Frequently Asked Questions

The term “lights-out” means a facial recognition non-human process or workflow which is completely automated.
Facial image comparison describes the manual process of evaluating similarities and dissimilarities between (a.) two (or more) facial images. or (b.) facial image(s) and a subject for the purpose of determining if they represent the same person or a different person.
No, there are several types of facial image comparison processes:

● Facial Assessment generally involves a superficial, often rapid, one-to-one comparison process of a facial image to a live subject for the purpose of identity verification (e.g., border crossing or police traffic stop).

● Facial Review involves a more complex comparison process conducted between an image and a subject or between sets of images.

● Facial Examination is the formal, systematic process (e.g., Analysis, Comparison, Evaluation - Verification [ACE-V]) by which two or more face images are compared. This may be an intensive process that can reach the level of a forensic analysis.

Automated facial recognition technology relies on a computer-generated candidate list which may not recognize details humans can perceive (e.g., changes in pose, expression, age, etc.), leading to images of the same person scoring weakly or different people scoring strongly. A human is therefore necessary to make the comparison of the images and come to a decision.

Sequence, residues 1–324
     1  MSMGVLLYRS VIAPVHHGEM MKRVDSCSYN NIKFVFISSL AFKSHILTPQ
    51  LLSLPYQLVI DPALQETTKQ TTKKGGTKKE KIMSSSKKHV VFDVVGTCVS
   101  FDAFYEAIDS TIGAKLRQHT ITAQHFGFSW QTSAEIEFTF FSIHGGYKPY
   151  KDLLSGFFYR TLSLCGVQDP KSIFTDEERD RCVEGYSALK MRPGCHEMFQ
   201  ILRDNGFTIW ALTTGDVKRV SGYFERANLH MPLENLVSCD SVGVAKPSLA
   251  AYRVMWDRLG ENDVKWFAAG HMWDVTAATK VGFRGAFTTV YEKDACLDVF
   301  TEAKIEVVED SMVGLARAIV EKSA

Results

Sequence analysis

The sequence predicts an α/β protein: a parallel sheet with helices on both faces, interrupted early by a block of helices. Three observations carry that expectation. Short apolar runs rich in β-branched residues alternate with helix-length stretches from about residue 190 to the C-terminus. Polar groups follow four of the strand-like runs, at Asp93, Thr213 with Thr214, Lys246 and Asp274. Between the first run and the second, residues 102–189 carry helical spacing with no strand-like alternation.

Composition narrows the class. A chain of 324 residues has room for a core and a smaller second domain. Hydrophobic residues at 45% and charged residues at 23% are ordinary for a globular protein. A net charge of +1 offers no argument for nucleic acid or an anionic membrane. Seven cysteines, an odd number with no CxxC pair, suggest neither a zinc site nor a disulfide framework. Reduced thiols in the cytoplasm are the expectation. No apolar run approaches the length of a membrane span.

Comparisons are conducted based on the quality and quantity of details in the image(s) provided. In many cases there is not enough detailed visual information to make a definitive conclusion.
Depending on the quality of the image(s), the type of the comparison, agency procedures, and experience of the individual, the time required ranges from minutes to hours.
The Facial Identification Scientific Working Group (FISWG) recommends Morphological Analysis as the primary method for facial review and examination. Morphological Analysis is an intensive, systematic process of image comparison in which the features of the face are described and compared, and conclusions regarding similarity or difference are based on subjective observations and evaluations. For more information on the Morphological Analysis see FISWG_Morph_Analysis_Feature_List_v2.0
Facial image comparisons are generally performed by individuals working within law enforcement, government, national defense, and academic institutions for research purposes.
At this time, no public certification programs for facial image comparison exist. However, the International Association for Identification (IAI) is currently working on guidelines to further develop certification programs which are expected to be available to practitioners within the next few years.
Many agencies/institutions have training programs which are suited to their specific facial image comparison needs. There are limited training programs available to the general public.
Although experience as a portrait photographer, sketch artist, cranial facial expert, etc., can be helpful, the facial image comparison process requires additional training, evaluation, and mentorship.